Now its a little deceiving when you do this for American carriers because most of that money is being spent on international flights, but even so, it does give you some idea of just how little is spent on the actual food.

I looked at this concept years ago. There are ways around this. For example. One or two kitchens at hubs from varies airlines can cook all the food... snap freeze the hot meals, which then can be shipped as needed. If half trays where used instead of full trays, even aircraft with small galley's can be double catered. What this means is that most of the expense outside the hub can be avoided...and at the hub, the airline can cut costs by taking over some of these activities themselves. Most college, hotel, and convention centers easy have the equipment.
If you cook things like chicken curries, or pastas, these things are very cheap. They can be snap frozen, and the cost is only a few dollars per pax if you include drinks, bread rolls and maybe even a chocolate. Al foil containers just need heating on board. Lunch is even easier because you can do away with the trays entirely.

What they then need to do is set up their own security and airside transport of the food. I'm not sure what the regulations are in the USA for doing this, but it can be done in other countries. The point would be to avoid the high cost of the catering companies charging $100 for a bag of ice and this kind of crap. There's plenty of companies both small and large that you could subcontract the dinners out to.... its just getting them to the aircraft that is the problem.

For long haul it's not an option, for for short haul hub and spoke type flights, its easily doable.

Looking at the figures quoted above though, even with the high charges, if they just spent $10 per passenger can you imagine just how amazing the product would be! Restaurant standard, easy!


User currently offlineYXD172 From Canada, joined Feb 2008, 449 posts, RR: 0
Reply 19, posted (6 years 3 months 3 weeks 13 hours ago) and read 13581 times:



Quoting Davidlc3 (Reply 13):

What I have yet to see is an airline that will allow me to order a meal when I book my ticket and pay for the whole lot at once...

Air Canada does this. As an option during booking economy you can buy a sandwich and snack voucher to use onboard. I believe this is printed onto your boarding pass. It's good for one sandwich (subway-like, usually quite good) and one snack (chips, chocolate, etc.) The even have a link to the menu when purchasing.

I doubt it will be long before this is introduced in the US, if it isn't already.

Jon



Radial engines don't leak oil, they are just marking their territory!
User currently offlineAznMadSci From United States of America, joined Dec 2007, 3662 posts, RR: 5
Reply 20, posted (6 years 3 months 3 weeks 12 hours ago) and read 13508 times:



Quoting Davescj (Reply 9):
As to Subway, I was on a CO Express flight, yes the dreaded RJ, and the food was Subway sandwich -- right down to the Subway paper, so they were paying for advertising as CO was offering "Subway" products, no?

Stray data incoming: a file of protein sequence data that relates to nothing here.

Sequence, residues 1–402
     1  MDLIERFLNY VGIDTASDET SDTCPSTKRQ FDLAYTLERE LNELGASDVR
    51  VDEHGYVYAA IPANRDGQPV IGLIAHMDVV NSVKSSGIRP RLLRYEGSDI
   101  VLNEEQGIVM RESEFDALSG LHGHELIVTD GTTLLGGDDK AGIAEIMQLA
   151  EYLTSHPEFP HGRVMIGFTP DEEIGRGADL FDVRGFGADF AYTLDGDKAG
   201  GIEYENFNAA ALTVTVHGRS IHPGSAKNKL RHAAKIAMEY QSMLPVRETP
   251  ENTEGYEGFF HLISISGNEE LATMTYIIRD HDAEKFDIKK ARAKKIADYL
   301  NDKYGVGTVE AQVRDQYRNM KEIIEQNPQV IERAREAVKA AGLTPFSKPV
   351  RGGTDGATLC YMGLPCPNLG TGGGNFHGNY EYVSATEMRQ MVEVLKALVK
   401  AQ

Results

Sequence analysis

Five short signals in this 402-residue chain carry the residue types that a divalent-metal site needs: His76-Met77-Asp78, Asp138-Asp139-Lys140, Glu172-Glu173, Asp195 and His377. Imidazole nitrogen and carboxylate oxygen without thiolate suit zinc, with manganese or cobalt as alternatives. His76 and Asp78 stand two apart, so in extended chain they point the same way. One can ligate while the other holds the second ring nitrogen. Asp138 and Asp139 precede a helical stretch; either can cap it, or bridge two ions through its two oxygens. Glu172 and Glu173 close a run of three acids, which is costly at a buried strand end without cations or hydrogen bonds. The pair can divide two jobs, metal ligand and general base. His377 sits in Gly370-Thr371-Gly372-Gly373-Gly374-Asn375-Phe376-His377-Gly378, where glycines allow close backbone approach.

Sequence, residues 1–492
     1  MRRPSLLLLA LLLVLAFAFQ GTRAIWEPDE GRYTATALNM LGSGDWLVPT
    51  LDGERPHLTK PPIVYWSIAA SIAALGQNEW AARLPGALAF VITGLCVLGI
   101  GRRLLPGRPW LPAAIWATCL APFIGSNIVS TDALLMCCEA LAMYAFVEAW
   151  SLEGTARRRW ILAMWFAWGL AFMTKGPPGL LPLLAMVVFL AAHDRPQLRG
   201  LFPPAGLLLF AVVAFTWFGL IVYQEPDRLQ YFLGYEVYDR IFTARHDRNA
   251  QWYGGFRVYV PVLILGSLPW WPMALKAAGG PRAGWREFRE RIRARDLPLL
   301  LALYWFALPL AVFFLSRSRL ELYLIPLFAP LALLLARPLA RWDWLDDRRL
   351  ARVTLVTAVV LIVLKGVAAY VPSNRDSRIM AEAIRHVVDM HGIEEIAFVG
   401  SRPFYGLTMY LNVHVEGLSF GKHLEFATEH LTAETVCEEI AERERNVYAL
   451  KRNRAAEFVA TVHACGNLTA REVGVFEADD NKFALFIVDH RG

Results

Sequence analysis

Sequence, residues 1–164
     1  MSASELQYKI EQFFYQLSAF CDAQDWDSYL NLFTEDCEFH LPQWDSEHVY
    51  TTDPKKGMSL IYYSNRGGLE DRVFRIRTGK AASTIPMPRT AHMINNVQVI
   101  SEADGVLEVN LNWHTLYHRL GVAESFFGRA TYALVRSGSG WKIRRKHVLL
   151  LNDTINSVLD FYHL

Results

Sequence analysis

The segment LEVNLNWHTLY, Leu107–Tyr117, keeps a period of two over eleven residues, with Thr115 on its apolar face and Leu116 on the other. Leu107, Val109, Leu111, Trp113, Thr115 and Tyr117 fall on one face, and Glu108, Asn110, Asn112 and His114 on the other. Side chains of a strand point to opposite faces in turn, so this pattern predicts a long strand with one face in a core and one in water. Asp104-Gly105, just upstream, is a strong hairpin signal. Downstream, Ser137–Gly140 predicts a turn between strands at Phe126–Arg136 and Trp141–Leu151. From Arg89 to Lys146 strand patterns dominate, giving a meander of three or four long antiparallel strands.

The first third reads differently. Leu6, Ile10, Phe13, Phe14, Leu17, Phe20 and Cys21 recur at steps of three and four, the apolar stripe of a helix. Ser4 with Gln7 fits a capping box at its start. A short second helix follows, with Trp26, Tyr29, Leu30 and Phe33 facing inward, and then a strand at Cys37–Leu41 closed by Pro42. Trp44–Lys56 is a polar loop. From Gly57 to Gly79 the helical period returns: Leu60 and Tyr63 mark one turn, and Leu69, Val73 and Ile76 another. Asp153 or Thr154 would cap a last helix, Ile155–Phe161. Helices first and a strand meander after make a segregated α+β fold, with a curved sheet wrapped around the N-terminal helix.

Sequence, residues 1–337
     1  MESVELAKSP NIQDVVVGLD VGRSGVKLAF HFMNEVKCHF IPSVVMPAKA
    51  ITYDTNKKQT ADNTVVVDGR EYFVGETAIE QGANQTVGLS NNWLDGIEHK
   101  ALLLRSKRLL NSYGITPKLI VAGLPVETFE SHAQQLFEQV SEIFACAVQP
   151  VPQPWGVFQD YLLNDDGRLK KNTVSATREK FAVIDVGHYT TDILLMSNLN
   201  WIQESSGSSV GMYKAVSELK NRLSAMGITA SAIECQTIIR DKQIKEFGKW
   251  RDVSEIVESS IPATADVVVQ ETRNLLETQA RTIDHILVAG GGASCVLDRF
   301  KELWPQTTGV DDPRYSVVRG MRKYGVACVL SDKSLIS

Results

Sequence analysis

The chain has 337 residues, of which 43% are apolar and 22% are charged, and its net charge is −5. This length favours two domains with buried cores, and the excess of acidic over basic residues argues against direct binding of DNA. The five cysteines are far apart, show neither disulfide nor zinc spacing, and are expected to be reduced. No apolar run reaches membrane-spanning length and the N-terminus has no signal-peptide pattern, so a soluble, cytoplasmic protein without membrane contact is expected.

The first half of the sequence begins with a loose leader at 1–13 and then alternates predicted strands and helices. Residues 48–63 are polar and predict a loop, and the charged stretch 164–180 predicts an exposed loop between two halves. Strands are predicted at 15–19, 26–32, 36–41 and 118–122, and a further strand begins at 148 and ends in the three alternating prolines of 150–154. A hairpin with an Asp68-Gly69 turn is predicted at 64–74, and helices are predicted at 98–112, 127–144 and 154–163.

Are you talking about the tiny football-shaped turkey sandwiches? If so, those aren't from Subway, but from CO's Chelsea catering with a sticker promoting Jenny-O turkey, which by the way are rather tasty!  yummy 

Quoting JettaKnight (Reply 12):
This is America - of course Subway will get sued, along with the airline, the supplier of the mayo that went bad, and the manufacturer of the car the FA used to transport the food.

You also forgot the companies that made his/her shampoo and toothpaste as well!  duck 

Quoting Davidlc3 (Reply 13):
What I have yet to see is an airline that will allow me to order a meal when I book my ticket and pay for the whole lot at once...

Kinda like book-and-pay the chef. That does sound interesting. I do wonder how they would cater to someone who booked and paid, but did not want it and demanded money back.  scratchchin 



The journey of life is not based on the accomplishments, but the experience.
User currently offlinePlanenutzTB From United States of America, joined Sep 2005, 256 posts, RR: 1
Reply 21, posted (6 years 3 months 3 weeks 12 hours ago) and read 13455 times:



Quoting Lufthansa (Reply 18):
The article below provides the following cost of airline catering:

1992 = $6.22 per passenger

2000 = $4.91 per passenger

2008 = $2.22 per passenger

http://www.post-gazette.com/pg/06328/740513-37.stm

I'm in the food service industry and have been a FF the last 15 years. This information seems pretty accurate based on my experience. Realize food cost and labor have increased 2008 vs. 1992. If you adjust the 2008 per passenger $2.22 for inflation to compare accurately with 1992, the airlines are really only spending about $1.40 per passenger vs. the $6.62 in 1992. Basically the $1.40 is a soft drink and a bag of peanuts.



I am extraordinarily patient, provided I get my own way in the end.
User currently offlineFlyboyseven From Canada, joined Feb 2007, 904 posts, RR: 1
Reply 22, posted (6 years 3 months 3 weeks 11 hours ago) and read 13376 times: